Suppose kitty tosses a coin 6 times. What is the probability that she counts more "heads" than tails?

This is a question from the test and I got only partial marks so I am wondering what is the solution to this.

What I did was I assume the number of coin outcomes,for example: hhhhhh,tttttt,and so on and I use the formula P(E) = n(E)/n(S) where n(E) is the number of events n that has heads more than tails.

  • $\begingroup$ Are you familiar with the binomial distribution ? $\endgroup$ – callculus Nov 25 '15 at 7:12
  • $\begingroup$ no I didn't learn that. $\endgroup$ – guest11 Nov 25 '15 at 7:13
  • $\begingroup$ But I think it is necessary. Try to understand the link. If you have any question feel free to ask: mathsisfun.com/data/binomial-distribution.html $\endgroup$ – callculus Nov 25 '15 at 7:22
  • $\begingroup$ my teacher never mentions this in class but thank you so much. $\endgroup$ – guest11 Nov 25 '15 at 7:23

Add up the following:

  • The probability of getting $4$ heads and $2$ tails is $\dfrac{\binom64}{2^6}=\dfrac{15}{64}$
  • The probability of getting $5$ heads and $1$ tails is $\dfrac{\binom65}{2^6}=\dfrac{6}{64}$
  • The probability of getting $6$ heads and $0$ tails is $\dfrac{\binom66}{2^6}=\dfrac{1}{64}$

Hence the probability of getting more heads than tails is $\dfrac{15}{64}+\dfrac{6}{64}+\dfrac{1}{64}=\dfrac{22}{64}$

  • $\begingroup$ hello I am not familiar with that notation (6 over 4)...how it is calculated? $\endgroup$ – guest11 Nov 25 '15 at 7:20
  • $\begingroup$ @guest11: Then you're in a bit of trouble there, as in other questions of yours (some of which I have answered myself). "$6$ over $4$" is a method for counting the number of ways to choose $4$ items out of $6$ unique items without replacement (i.e., you cannot choose an item and put it "back in the box"). In short, $\binom64=\frac{6!}{4!\cdot(6-4)!}$. I hope you are familiar with the factorial operator "!"... :) $\endgroup$ – barak manos Nov 25 '15 at 7:24
  • $\begingroup$ yes thank you! because there are many ways to write this out so I am not used to writing this way but I know how it works now thanks to you! Im voting now thank you. $\endgroup$ – guest11 Nov 25 '15 at 7:37
  • $\begingroup$ It's a bit shorter to use the logic from down below in this case, only done properly....6 choose 3 is 20, so 20 times you have equality. Of the remaining 44, the situation is symmetric so half the time you have more heads, half the time more tails. Thus you get to 22/64 in a tiny bit less work :) $\endgroup$ – Alan Nov 25 '15 at 7:48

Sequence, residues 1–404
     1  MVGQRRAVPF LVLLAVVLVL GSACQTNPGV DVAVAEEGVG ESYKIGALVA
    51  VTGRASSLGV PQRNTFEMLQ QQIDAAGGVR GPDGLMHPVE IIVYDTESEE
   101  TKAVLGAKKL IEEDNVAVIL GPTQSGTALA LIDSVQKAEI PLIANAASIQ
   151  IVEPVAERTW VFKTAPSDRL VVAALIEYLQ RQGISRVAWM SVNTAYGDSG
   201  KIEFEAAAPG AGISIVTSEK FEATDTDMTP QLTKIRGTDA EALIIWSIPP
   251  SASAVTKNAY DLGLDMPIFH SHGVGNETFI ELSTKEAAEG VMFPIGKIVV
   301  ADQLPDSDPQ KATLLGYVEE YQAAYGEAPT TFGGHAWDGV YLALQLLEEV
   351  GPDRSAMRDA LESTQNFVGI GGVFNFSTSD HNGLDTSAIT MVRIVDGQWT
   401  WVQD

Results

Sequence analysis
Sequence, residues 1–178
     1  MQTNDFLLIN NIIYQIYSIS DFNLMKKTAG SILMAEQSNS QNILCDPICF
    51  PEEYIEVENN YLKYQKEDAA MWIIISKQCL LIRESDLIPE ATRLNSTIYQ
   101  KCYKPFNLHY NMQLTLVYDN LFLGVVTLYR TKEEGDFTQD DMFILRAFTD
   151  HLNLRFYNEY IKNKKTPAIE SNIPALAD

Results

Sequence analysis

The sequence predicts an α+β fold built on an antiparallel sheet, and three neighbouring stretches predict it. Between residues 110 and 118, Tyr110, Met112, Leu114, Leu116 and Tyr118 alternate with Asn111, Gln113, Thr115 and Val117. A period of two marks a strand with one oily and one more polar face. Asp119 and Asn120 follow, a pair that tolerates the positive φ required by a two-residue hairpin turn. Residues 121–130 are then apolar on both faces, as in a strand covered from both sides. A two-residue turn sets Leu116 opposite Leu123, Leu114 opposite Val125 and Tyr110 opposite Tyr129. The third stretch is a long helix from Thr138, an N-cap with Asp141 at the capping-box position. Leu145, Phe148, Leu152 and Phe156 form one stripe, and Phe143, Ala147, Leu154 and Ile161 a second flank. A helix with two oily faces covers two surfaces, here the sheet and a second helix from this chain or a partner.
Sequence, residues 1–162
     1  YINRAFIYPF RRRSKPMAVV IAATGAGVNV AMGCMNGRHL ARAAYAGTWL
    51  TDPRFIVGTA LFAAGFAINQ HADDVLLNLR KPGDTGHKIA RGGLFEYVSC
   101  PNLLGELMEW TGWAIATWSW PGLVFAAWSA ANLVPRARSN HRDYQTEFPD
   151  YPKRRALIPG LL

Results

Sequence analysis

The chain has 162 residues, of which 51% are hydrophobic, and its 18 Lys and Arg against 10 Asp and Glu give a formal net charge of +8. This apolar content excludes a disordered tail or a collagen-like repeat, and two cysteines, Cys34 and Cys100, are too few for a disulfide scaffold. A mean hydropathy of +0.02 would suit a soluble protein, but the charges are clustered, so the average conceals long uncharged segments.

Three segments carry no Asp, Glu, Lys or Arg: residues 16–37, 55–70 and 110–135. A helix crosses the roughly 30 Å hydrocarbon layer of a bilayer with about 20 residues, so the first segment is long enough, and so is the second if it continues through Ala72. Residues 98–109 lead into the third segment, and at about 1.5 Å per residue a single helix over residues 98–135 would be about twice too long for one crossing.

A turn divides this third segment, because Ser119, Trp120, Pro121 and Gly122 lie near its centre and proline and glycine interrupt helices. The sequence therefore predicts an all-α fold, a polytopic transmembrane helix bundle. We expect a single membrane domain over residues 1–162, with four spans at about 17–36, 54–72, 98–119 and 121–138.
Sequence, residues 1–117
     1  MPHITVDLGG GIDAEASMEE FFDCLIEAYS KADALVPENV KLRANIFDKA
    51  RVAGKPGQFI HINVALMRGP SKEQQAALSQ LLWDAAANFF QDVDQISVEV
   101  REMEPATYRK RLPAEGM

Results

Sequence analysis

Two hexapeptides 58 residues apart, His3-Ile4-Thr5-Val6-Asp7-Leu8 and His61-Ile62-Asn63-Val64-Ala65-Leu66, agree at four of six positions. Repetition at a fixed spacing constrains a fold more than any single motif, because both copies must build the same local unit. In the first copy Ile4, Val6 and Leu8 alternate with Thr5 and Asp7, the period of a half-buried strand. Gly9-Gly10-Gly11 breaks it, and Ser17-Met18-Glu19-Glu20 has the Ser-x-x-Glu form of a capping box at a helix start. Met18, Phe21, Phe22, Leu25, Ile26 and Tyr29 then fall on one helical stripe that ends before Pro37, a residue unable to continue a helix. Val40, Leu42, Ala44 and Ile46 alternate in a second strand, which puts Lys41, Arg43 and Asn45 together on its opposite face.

• $\begingroup$ @guest11 $\binom{n}{r} = {^n{\rm C}_r}$ You may be more familiar with this notation for the binomial coefficient. $\endgroup$ – Graham Kemp Nov 25 '15 at 7:55

The probability of getting the exact same number of heads and tails is ${^6{\rm C}_3}\cdot\tfrac 1{2^6} = \frac 5{16}$

Due to symmetry then, the probability of seeing more heads than tails is $\tfrac 12\big(1-\tfrac 5{16}\big)$, that's $\color{green}{\tfrac {11}{32}}$.   This is also the probability of seeing less heads than tails.

Assuming, that is, that the coins are unbiased.

$$\dfrac {11}{32}$$

  • $\begingroup$ +1 simple , short and can be used for arbitrary number of tosses without increasing the number of calculations $\endgroup$ – miracle173 Nov 25 '15 at 8:19
  • $\begingroup$ do i use this formula and apply for a similar question? $\endgroup$ – guest11 Nov 25 '15 at 18:25

The first step is to think of the different ways that it is possible to have Kitty count more heads (H) than tails (T). So the only way that that can occur is

  1. Kitty gets 4 heads and 2 tails
  2. Kitty gets 5 heads and 1 tail
  3. Kitty gets 6 heads and 0 tails

Now, any other scenario that occurs would not allow Kitty to have more heads than tails.

The next step is then to calculate the probability of 1., 2., and 3. occurring.

Naively, you could try to enumerate and count all of the different possibilities, but that would be a very long list to have to keep track of.

Instead, let's consider the following: Let's define some notation. Let $X$ be the number of heads that Kitty gets when tossing 6 coins. And so based on 1., 2., and 3. we are interested in the calculating the following three probabilities:

$Pr(X=4)$, $Pr(X=5)$ and $Pr(X=6)$. Why are these relevant? Think about it this way: We want to calculate

\begin{align*} Pr(\text{Kitty gets more heads than tails})&=Pr(X>3)\\ &=Pr(X=4)+Pr(X=5)+Pr(X=6)\\ &={6\choose 4}(0.5)^4(0.5)^2+{6\choose 5}(0.5)^5(0.5)^1+{6\choose 6}(0.5)^6(0.5)^0\\ &=15\times(0.5)^6+6\times(0.5)^6+1\times(0.5)^6\\ &=(0.5)^6\times(15+6+1)\\ &=0.34375 \end{align*}

The above solution makes use of the fact that if a random variable $X$ follows the Binomial distribution with proportion $p$ and number of trials $n$, then the probability of seeing $x$ "successes" in $n$ trials is

$$Pr(X=x)={n\choose x}p^x(1-p)^{n-x}$$

@guest11, I just realized you said you haven't learned the binomial formula which is what the above answer depends on. Let me try to explain it with out it.

Imagine the same setup as above. So let $X$ be the number of heads that Kitty gets when tossing 6 coins.